William D. Novelli
AARP Executive Director and CEO
American Medical Association
2003 National Advocacy Conference
Good afternoon. It's a pleasure to be here. You have had quite a line up of speakers already today with more to follow, and I'm certainly proud to be part of it. I especially want to thank Dr. Mike Maves for inviting me to speak to you on behalf of AARP's 35 million+ members.
You and your colleagues-physicians, researchers, medical scientists, public health experts-are largely responsible for the enormous progress we have made in helping people to live longer and to live better in 21st century America.
But as you know, despite all of this progress, we still face serious challenges regarding health and health care.
Last spring, AARP released a study titled, "Beyond Fifty: A Report to the Nation on Trends in Health Security," which identified the primary factors that influence the health security of 50+ Americans:
- Increased reliance on prescription drugs and other new health technologies has brought about major changes in the delivery of health care and has driven health-care costs and coverage structures.
- Chronic diseases and conditions are common among people over age 50, especially in the oldest age segments. But the systems that serve the chronically ill remain oriented largely toward acute medical care. Increasingly, the health-care needs of this population involve a range of services across the spectrum of physician, inpatient, outpatient, and long-term care.
- Greater longevity-and the functional limitations that accompany old age-have highlighted the need to live more independently and increased awareness of the quality of life, especially during the last stages of life.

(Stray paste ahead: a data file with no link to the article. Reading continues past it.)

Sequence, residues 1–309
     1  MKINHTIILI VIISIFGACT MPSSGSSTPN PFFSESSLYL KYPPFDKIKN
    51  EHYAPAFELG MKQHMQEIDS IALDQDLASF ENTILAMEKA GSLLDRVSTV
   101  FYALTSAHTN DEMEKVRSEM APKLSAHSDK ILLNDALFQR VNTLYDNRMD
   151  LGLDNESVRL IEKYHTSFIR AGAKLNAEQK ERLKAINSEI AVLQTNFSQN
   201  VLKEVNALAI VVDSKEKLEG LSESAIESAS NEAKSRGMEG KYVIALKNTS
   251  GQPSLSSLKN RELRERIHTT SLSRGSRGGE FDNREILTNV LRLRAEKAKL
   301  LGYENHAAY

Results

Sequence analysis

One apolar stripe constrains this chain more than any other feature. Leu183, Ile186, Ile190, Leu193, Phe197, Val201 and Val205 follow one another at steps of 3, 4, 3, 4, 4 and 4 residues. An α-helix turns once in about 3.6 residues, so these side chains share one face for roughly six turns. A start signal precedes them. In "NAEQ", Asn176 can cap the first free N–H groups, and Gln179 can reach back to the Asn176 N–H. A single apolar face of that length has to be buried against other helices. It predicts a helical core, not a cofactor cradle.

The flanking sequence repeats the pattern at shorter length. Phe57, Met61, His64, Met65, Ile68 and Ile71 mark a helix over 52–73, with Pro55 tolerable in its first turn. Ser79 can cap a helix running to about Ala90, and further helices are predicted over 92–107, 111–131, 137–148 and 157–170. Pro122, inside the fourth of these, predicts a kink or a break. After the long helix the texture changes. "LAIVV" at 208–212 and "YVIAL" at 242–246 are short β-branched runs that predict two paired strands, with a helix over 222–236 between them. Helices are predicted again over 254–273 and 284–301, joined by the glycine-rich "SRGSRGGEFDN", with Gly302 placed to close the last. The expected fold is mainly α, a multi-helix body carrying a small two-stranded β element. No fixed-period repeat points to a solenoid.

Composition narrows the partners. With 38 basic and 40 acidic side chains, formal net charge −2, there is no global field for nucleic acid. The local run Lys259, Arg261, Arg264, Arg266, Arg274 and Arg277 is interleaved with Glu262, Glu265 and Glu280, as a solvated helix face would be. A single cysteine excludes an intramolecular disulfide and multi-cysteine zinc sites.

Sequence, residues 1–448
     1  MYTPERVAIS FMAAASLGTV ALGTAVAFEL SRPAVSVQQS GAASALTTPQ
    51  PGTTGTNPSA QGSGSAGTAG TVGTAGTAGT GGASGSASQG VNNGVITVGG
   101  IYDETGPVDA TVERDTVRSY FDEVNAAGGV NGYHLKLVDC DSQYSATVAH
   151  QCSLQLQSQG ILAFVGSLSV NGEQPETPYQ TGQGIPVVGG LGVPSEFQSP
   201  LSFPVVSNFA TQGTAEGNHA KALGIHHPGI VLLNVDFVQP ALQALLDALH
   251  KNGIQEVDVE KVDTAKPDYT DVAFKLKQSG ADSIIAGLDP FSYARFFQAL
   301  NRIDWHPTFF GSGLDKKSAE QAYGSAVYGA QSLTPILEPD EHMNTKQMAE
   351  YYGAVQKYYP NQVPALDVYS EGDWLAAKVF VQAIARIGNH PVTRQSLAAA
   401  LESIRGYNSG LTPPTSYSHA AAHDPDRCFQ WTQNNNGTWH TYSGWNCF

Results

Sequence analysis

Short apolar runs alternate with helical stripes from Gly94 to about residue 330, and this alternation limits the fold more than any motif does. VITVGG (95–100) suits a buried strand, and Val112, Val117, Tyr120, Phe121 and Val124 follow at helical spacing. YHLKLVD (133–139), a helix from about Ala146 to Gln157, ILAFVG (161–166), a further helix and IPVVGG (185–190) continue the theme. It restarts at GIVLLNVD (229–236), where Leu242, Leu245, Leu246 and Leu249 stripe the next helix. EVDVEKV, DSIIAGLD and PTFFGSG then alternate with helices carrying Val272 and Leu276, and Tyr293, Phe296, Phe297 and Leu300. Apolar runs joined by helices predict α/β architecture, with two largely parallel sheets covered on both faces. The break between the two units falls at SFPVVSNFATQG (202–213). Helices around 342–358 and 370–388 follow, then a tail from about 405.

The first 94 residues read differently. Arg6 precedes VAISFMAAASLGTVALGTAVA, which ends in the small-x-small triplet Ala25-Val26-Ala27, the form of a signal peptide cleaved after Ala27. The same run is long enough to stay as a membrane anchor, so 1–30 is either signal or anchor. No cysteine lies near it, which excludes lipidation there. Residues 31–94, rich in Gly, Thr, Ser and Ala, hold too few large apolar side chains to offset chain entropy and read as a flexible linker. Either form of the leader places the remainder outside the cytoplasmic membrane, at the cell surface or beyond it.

- There is increasing recognition among those who provide or pay for care that patients need choices about quality and value. Informed decision-making is an increasingly important-yet often missing-dimension in consumer thinking about health security. (For those needing long-term care, especially, the challenge of navigating a fragmented, uncoordinated, patchwork of public and private programs is very, very difficult.)
- High and rising health-care costs make care less accessible for many 50+ Americans. Average spending per person over age 50 has increased, fueled largely by the increase in chronic conditions and spending for prescription drugs. Out-of-pocket spending on prescription drugs and long-term care represent the greatest health-related financial risk for older Americans.
I'm not going to talk about all of these today, but they do provide a good context for the issue I do want to focus on-- prescription-drug coverage in Medicare and Medicare reform.
We face a major problem in this country today: older Americans and their families cannot afford or sustain current prescription drug costs. We truly need these products, but we also need them to be affordable. The marketplace is out of balance, and spending on these wonderful drugs that combat disease and ease suffering is too high.